We’re also constantly told by invasion-supporting wall-opposers that any wall whatsoever would be too expensive, which they can only say of course because they always neglect to factor in how much it would save. As anybody who works for a living realizes, a wall made out of people would only be more expensive. And as anybody who understands politics realizes, when politicians create jobs the last thing on their mind is getting work done. If for whatever reason we couldn’t build a chainlink and concrete wall then I would favor a human wall, in spite of the extra expense, because of my confidence in the aforementioned net savings. But this is all moot, because we can build a real wall, and the politicians will just have to make due with the lesser opportunities for featherbedding, payola, and other forms of corruption.
At the American Chronicle Mark Lowry noted another wrinkle to Richardson’s illegitimacy back in May, in an article titled Mexican Citizen May Be America’s Next President
From Wikipedia, the free encyclopedia:
“. . .
As Richardson explained in an article in the Washington Post, “My father had a complex about not having been born in the United States.” After the death of Richardson’s father in 1972, his mother was remarried, to Mexican nutritionist Salvador Zubiran Anchondo in 1986. …Bill Richardson was raised in Mexico City, but his parents sent him to Massachusetts at age 13 to attend a Boston-area preparatory school.”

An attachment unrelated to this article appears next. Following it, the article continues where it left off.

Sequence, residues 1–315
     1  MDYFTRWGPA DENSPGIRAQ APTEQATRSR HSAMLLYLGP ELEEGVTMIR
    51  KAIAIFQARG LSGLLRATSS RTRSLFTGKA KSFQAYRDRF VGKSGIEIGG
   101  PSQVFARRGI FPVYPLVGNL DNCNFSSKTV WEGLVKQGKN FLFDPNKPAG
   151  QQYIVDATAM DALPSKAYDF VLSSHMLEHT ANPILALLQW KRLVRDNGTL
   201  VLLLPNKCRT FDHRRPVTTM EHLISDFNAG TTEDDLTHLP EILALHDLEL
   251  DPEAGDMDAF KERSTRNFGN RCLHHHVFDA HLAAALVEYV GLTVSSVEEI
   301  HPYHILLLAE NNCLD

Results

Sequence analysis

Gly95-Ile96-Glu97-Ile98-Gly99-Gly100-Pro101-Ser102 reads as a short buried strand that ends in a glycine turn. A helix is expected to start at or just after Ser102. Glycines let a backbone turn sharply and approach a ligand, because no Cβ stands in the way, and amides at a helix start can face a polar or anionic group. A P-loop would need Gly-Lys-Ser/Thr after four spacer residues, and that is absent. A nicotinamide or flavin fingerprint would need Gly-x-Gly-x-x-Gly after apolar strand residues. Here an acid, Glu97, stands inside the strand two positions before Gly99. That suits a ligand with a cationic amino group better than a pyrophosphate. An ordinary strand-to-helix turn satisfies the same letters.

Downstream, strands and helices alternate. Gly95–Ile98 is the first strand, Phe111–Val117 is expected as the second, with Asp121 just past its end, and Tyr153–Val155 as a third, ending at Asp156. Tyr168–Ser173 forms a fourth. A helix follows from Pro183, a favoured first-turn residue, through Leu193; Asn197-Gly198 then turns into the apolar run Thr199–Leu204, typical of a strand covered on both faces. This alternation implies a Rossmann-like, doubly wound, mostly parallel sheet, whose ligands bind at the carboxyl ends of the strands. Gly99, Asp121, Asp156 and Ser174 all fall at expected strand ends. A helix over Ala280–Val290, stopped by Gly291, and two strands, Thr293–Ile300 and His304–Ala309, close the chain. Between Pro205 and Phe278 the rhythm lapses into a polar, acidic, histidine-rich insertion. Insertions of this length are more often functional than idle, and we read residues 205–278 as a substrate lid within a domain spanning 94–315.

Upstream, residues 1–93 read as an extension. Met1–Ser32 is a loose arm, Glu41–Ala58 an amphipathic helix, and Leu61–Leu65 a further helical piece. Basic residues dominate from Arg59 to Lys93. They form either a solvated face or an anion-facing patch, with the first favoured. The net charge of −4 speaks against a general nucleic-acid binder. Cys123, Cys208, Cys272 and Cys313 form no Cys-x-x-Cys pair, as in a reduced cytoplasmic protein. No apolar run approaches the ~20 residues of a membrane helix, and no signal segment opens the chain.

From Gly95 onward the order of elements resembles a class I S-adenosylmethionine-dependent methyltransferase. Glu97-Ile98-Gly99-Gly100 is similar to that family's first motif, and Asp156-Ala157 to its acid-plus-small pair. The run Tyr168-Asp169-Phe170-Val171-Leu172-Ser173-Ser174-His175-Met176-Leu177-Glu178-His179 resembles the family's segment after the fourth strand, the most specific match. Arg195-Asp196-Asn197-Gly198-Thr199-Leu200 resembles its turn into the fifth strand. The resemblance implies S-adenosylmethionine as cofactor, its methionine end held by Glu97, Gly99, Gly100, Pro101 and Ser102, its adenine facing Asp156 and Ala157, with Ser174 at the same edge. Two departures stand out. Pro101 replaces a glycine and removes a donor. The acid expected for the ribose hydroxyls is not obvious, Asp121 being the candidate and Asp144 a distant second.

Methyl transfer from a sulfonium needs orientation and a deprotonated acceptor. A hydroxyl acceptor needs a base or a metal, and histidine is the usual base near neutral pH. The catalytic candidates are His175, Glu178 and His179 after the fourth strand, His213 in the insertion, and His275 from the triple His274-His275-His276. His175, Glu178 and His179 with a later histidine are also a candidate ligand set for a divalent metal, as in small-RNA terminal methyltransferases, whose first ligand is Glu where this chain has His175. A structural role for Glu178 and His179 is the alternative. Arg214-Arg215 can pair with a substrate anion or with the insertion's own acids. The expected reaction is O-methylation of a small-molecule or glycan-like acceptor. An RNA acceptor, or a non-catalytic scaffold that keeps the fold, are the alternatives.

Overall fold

The constitution doesn’t permit foreign citizens born and raised in a foreign country for their first 13 years of life to become president. How can anyone interpret the constitution in such a manner to permit an anchor baby who was not raised in the United States to become president? It is outrageous to permit the ruse of bringing pregnant women into the country for the expressed purpose of creating dual citizenship for United States benefits. Does it constitute 14 years of residency if they live in a territory of the United States and not the United States?
Hands up, how many people knew Bill Richardson was born to Mexican parents and spent the first 13 years of his life in Mexico?
Thanks watchdog media! At least you’ve done a bang up job informing everybody Mitt Romney is a Mormon and Tom Tancredo can’t possibly get elected.
One last point.
In order to become president Arnold Schwarzenegger, a putative conservative, would need a whole new constitutional amendment. Good luck with that Arnold. Bill Richardson and all the other invader babies, in contrast, needed only a handful of dictators in black robes to wave their magic liberal wands and subvert an existing amendment.
If Arnold wants an easier road to the presidency he should change parties. He’d be more at home on that side anyway.
(Be sure to click the image and read a self-described Latino political whore gloss over Richardson’s background.)